Please ensure you are clicking “Focal Point” icon and not the ‘Google’ icon when signing into MAARS.  The “Google” icon is not supported for the MAARS application. If you inadvertently click “Google” please clear the browser cache, close all browser windows, and (if on a Mac) QUIT/EXIT the browser. Then open a new browser and go the https://lms.backpack.education and click on the FocalPointK12 icon to login. If any additional problems arise, please contact the Focal Point Helpdesk.

                                                     

2. Ensure you have your log-in credentials in hand

For username and/or password information, please check with your District Assessment Coordinator. If there are any further issues, contact the Focal Point Helpdesk.

3. Use a browser other then Firefox

Firefox is not recommended and may lead to instances of blank screens after logging in. Please use a different browser if you are currently using Firefox to ensure a stable user experience.

If you are using another browser, try clearing your cache and cookies, restarting the browser completely (as outlined above in issue 1), and try opening the page once more. If the issue persists, please contact the Focal Point Helpdesk

Focal Point Helpdesk Contact information
Phone: 866-377-4265 ext. 1
Helpdesk Access: https://support.focalpointk12.com
Email: support@focalpointk12.net

For questions contact Maine DOE’s Assessment Team at (207) 624-6770 or eric.buckhalter@maine.gov or contact Interim Director of Learning Systems Janette Kirk at (207) 624-6707 or Janette.Kirk@maine.gov.

ESSA & Accountability: Why does accountability matter? #success4ME

Every element of our education system, including our expectations for students, how we understand if students are meeting those expectations, and how we are working with and supporting teachers and leaders, work toward the goal of ensuring all students are prepared for success after high school. Accountability is one piece of that system.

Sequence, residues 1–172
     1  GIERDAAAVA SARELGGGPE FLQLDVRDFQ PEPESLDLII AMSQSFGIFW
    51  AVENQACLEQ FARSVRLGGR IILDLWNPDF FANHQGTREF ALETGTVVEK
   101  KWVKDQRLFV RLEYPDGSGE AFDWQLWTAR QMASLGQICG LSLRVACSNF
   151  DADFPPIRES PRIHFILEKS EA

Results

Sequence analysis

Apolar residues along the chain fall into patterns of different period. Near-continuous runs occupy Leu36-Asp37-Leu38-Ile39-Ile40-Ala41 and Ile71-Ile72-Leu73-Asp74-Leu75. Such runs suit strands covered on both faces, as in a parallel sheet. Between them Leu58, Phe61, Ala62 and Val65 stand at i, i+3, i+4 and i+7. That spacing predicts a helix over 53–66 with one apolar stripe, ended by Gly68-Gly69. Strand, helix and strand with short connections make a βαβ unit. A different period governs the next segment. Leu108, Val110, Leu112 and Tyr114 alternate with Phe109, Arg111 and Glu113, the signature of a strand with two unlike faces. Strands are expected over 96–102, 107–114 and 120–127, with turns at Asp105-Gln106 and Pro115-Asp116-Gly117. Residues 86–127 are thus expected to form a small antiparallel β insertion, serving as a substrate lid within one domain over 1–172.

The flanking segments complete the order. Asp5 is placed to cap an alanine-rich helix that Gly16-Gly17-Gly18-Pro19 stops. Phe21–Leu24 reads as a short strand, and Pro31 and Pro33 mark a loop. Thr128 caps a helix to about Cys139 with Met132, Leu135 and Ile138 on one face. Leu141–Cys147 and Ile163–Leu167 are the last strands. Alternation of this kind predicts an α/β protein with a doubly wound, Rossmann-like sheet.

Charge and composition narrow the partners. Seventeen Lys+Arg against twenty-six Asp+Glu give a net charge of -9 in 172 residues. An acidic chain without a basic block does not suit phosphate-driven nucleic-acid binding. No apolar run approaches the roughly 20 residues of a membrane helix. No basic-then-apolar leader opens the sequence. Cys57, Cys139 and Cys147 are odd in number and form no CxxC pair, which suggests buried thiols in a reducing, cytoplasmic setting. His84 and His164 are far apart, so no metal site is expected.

Accountability systems are intended to help us focus on what matters most, give us a better understanding of what is working well, and determine where we need to make improvements so we can help all students succeed. Just as state standards and assessments set expectations for what students should know and be able to do, state accountability systems set expectations for school performance helping schools determine next steps in accessing available supports from the state.

Statewide accountability systems set goals for achievement and growth for all schools regardless of race, income and zip code, and provide an opportunity for all stakeholders to understand school and district profile, and performance information.

Maine’s accountability system is now known as Maine’s Model of School Support. Through the implementation of the model,  Maine will identify schools eligible to receive additional supports in January 2019.

What is Maine’s Model of School Support?

Maine has moved towards a more purposeful approach to supporting Maine Schools. Maine’s Model of School Supports utilizes the following indicators:

Elementary/Middle Schools High Schools
Chronic Absenteeism Chronic Absenteeism
Academic Progress English Language Proficiency
English Language Proficiency Academic Achievement
Academic Achievement Graduation Rate

As you can see, the indicators remain a constant across grade spans with the exception of academic progress and graduation rate. Graduation rate only applies to high schools and as such is a high school model indicator. Progress can only be calculated when there are multiple years of data and this is currently only possible between grades 3-8 or Elementary/Middle level, therefore, progress is utilized in Elementary/Middle schools.

Data related to these indicators will be utilized to determine performance levels for each student population. Student populations include: white, Asian, black, two or more races, Hispanic, Native American, Native Hawaiian or Other Pacific Islander, economically disadvantaged, English language learners, migrant, homeless, foster care and students with disabilities (data for bolded student groups is included in the model. Data for non-bolded student groups is used for reporting purposes only).

In order for a school to receive a performance level within the above indicators, there must be a minimum count of 10 students. If there are less than 10 students in a student group, the data is not utilized, is suppressed, and the indicator will not be applicable for that specific student group.

The method by which 2018/2019 determinations are made is a new process to Maine containing many new indicators (listed above). The Department in collaboration with stakeholders, believe the inclusion of a wide variety of indicators will provide a more comprehensive view of school success. Maine uses performance on these indicators to determine schools who would benefit from the provision of school supports. Schools determined eligible to receive supports will receive additional assistance from the state and their districts. Additional assistance and support through the Maine Department of Education will include professional development and learning, regional leadership coaching, and other supports as determined by the tier of support.